Thursday, May 25, 2017

Dexter v. ZAIS Financial Corp. (Cir. Ct. Balto. City)

Filed: December 8, 2016

Opinion by: Judge Audrey J.S. Carrion


The Wittman standard of awarding attorneys’ fees is not met in a cash-stock merger suit alleging inadequate information in the registration statement because (1) directors do not owe shareholders a common law duty of candor in that type of transaction, and therefore the claim cannot be “meritorious” when filed, and (2) the corporate benefit was not casually related to the suit when the information in published disclosures was in accordance with previous public filings filed before the suit.


On April 7, 2016, a merger agreement was announced between ZAIS, the Defendant, and another party, the Second Defendant, in which shareholders could elect to receive all cash or all stock.  The Second Defendant would be merged into a subsidiary of Defendant, ZAIS would issue its shares to the Second Defendant’s shareholders, and ZAIS would make a pre-merger tender offer to its shareholders who would not like to own shares in the resulting company.

The registration statement was filed on May 10 and amended on June 20 and August 5, 19 and 26, 2016 (the “August Registration Statement”).   On August 24, 2016, Dexter, the Plaintiff, an individual shareholder of Defendant, filed a complaint alleging inadequate information about the shareholder vote.  Plaintiff argued that details about the final exchange ratio, the per share tender offer price and conflicts of interest were missing from the registration statement.

Dexter then filed a Motion for Preliminary Injunction.  On September 12, 2016, ZAIS filed supplemental disclosures with the SEC.  On September 19, 2016, Dexter withdrew the Injunction Motion as moot and it was granted.  On September 30, 2016, Dexter filed a request for attorneys’ fees.  Defendants argue that the supplemental disclosures were disclosed not due to Plaintiff’s demand letter, but rather in accordance with the registration statement.


The “corporate benefit” doctrine is an exception to the American Rule, which states that litigants bear the cost of their own attorneys’ fees and expenses.  In re First Interstate Bancorp, 756 A.2d 357, 756 A.2d 353, 357 (Del. Ch. 1999).  It should be noted that attorneys’ fees can be awarded even when a defendant moots a claim by satisfying a plaintiff’s demands.  Tandycrafts v. Initio Partners, 562 A.2d 1162, 1164 (Del. 1966) citing Chrysler Corp. v. Dann, 223 A.2 384, 386 (Del. 1966).

The Court required the Plaintiff to satisfy the three conditions of the Wittman standard: the suit was meritorious when filed; the action producing the corporate benefit was taken by the Defendant prior to a judicial resolution; and the resulting corporate benefit was causally related to the lawsuit.  Wittman v. Crooke, 120 Md. app. 369, 379, 707 A.2d 422, 426 (1998).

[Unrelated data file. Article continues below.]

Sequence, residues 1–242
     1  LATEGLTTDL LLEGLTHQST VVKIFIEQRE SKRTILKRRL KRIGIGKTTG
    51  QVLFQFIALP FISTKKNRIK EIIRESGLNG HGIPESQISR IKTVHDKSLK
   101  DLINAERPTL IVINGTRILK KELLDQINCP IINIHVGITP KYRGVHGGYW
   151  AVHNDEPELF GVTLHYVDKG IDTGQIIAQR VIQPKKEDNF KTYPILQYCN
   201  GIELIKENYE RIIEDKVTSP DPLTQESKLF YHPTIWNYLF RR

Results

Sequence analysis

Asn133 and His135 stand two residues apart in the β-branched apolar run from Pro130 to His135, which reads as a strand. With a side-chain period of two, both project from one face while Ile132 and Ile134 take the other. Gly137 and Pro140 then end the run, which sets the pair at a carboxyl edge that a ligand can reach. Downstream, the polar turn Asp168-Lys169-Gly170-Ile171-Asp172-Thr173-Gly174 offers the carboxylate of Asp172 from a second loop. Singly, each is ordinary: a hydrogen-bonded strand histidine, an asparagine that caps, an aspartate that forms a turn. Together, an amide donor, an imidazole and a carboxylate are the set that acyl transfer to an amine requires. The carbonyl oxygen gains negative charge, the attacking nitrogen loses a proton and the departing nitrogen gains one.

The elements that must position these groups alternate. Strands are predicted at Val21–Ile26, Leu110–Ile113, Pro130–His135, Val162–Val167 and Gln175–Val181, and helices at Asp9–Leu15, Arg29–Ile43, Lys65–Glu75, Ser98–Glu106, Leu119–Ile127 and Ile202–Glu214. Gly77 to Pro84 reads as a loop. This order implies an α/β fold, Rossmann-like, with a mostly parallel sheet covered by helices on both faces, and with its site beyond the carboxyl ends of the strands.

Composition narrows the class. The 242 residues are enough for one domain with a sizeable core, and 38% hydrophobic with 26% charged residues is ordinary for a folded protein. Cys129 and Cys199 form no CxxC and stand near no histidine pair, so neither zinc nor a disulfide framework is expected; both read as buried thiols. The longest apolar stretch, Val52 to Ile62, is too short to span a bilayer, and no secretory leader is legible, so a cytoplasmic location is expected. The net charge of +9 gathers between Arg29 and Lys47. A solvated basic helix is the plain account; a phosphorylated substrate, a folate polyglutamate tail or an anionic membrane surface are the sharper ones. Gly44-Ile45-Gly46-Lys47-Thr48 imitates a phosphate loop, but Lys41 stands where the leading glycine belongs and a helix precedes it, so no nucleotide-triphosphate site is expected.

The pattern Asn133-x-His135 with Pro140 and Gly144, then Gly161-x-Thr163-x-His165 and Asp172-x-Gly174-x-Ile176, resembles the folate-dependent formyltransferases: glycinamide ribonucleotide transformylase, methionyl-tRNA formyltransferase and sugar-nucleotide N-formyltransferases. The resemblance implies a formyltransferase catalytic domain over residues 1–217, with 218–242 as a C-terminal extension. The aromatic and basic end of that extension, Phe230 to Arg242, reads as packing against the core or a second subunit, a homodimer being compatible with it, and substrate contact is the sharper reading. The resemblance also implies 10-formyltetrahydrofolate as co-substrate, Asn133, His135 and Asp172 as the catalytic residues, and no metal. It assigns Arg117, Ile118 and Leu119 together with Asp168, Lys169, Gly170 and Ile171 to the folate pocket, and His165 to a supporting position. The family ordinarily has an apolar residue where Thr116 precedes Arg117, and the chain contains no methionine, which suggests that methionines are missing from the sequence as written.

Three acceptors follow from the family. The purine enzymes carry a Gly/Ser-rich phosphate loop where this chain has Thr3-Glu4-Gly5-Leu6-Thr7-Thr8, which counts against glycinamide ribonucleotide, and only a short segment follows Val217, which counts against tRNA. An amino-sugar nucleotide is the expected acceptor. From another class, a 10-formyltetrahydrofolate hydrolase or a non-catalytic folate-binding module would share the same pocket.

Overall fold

1. The Suit was not meritorious when filed.

A suit is “meritorious” when it can “withstand a motion to dismiss on the pleadings.”  The Court held that Plaintiff’s claim that the Defendant’s directors breached the duty of candor and the Second Defendants aided and abetted that breach could not have been meritorious.

The Court disagreed with Plaintiff that Shenker applied to this case.  The transaction in Shenker v. Laureate Education, Inc., 411 Md. 317, 338, 983 A.2d 408, 420 (2009), involved a cash-out merger after the decision to sell the corporation had already been made and that Court “determined the common law duties are triggered when the decision is made to sell the corporation, the sale of the corporation is a foregone conclusion, or the sale involved an inevitable or highly likely change-of-control situation.”

In this case, the Court agreed with Defendant that Revlon duties do not apply in a cash-stock election merger, similar to this merger.  Therefore, individual shareholders like the Plaintiff may not bring direct claims against the directors for a breach of common law duties.  ZAIS also referred to Sutton v. FedFirst Financial Corp., 226 Md. App. 46, 85, 126 A.3d 765, 788 (2015), which involved a stock-for-stock transaction, and the Court of Special Appeals did not apply Revlon.

2. The corporate benefit was not causally related to the Suit.

The September 12 Supplemental Disclosures were made in accordance with the August Registration Statement, which included a prospectus with a calculation of the exchange ratio, that was to be publicly announced at least five days before the shareholder meetings.

The Court found that the benefit to the Defendant’s shareholders – the disclosure of the Exchange Ratio and Tender Offer price – was not caused by the Plaintiff’s lawsuit; it was “mere happenstance” (Wittman).

The full opinion is available in PDF.

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